on 4 April 2001
Maxwell's description of a life now gone forever by the political situation in southern Iraq. This book reads as perhaps, a little warmer than the 'bright water' series. His affinity with the Marsh Arabs shines throught as does his respect of their traditions. Written more than 40 years ago, there is little hint of the troubles to come for the region. Indeed, Maxwell hints that the biggest threat would be general encroahment by the 20th century, if obnly he had known. The book is notable for introducing the reader to the subject that came to dominate Maxwell's life and thus enrapture millions - otters. The book is a must for fans of Maxwell's writing and is an invaluable prequel to "Ring Of Bright Water".
on 31 May 2013
Thoroughly enjoyed reading Maxwell's account of his travels amongst the marsh Arabs of Southern Iraq. Maxwell's description of the physical terrain, and the animals and people who inhabit it, is simply spell-binding. Very sad to think that it has all been destroyed by the likes of Saddam Hussein. Would have been truly wonderful to have enjoyed the experience that Gavin Maxwell had there at the time. As a bonus Maxwell got to travel through the marshes with the doyen of explorers Wilfred Thesiger. They formed an effective if contrasting combination and their travelling relationship provides an interesting sub-text to the overall journey. If you get the chance to read this book take it..
on 4 February 2011
It is sad but inevitable that Gavin Maxwell should be best remembered for the otter trilogy and his multi-million best seller 'Ring of Bright Water'. Sad because excellent though the 'Ring' is, it depicts only a fraction of Maxwell's abilities and interests. Those who have read Douglas Botting's superlative biography, 'Gavin Maxwell - A Life' will know that there was so much more to Maxwell than the otter-loving Scottish recluse. 'A Reed Shaken by the Wind' was only his second book of the twelve he would eventually write. It is autobiographical only in so far as it records his expedition to the Tigris marshes with Wilfred Thesiger; it reveals little of the inner man. But it does vividly demonstrate his skill as an emerging travel writer and an objective geographer and student of third world cultures, for which, of course, he was to win the Heinemann Literary Award.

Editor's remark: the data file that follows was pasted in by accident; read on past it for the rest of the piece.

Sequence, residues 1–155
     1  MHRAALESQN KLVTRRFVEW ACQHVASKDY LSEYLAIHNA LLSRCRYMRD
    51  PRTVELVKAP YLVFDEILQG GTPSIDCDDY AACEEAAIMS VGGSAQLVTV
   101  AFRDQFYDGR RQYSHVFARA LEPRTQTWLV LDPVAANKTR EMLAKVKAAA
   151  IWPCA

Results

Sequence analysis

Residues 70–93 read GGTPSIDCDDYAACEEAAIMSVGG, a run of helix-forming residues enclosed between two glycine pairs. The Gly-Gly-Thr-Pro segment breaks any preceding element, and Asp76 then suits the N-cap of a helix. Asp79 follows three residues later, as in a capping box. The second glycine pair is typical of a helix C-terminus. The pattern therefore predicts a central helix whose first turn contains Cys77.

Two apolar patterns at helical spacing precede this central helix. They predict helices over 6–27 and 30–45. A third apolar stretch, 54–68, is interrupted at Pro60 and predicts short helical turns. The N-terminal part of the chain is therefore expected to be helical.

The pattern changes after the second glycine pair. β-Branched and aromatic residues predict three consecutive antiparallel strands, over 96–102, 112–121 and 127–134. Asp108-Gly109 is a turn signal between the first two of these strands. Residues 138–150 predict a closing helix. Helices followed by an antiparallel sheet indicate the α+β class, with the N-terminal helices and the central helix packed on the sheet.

The book is moving, sensitive and inevitably dated. Events have tragically overtaken the marsh arabs in recent decades, but it stands as an accurate and authoratitive account of a lost world. Interestingly, Thesiger was furious that Maxwell wrote this book and won awards for it. It cooled their friendship for thirty years, but in the fullness of time Thesiger made up for it by publishing his own opus magnus 'The Marsh Arabs', which was to win him accliam all of own as the greated arabist excplorer of the post war period.
The first work I have read by Gavin Maxwell, whom I always equated with Scotland and otters; in this account of his time spent with the Marsh Arabs of Iraq (1956), he tells of his first encounters with the animal, in the reedy waterways by the Tigris - and of his discovery of an otter species which was named after him.
But the main part of this work is of the place and the people, as he accompanies experienced adventurer, Wilfred Thesiger, in a reed canoe. staying in the reed homes of local sheikhs, he describes the villages, where each house is 'a tiny island of its own...we could see through their slit doors to firelit interiors where buffaloes shared their warmth with the human family. Not galleons perhaps, but Noah's Arks.'
We read of the huge bird life, the turtles, fish ...and huge numbers of wild pigs, the hunting of which occupies the locals - not for food, but to keep down the numbers of a fierce creature. And of local life - dances, disease, generosity and dishonesty...
Quite poetic at times, Maxwell describes a world which was to practically disappear under Saddam's rule, with the construction of canals - but is now being restored by ecologists.
on 5 September 2013
Beautiful, observant, poetic. I was totally captivated by the description of a very different culture. The photographs emphasize just how large the big reed huts were, but also how constrained the living conditions were.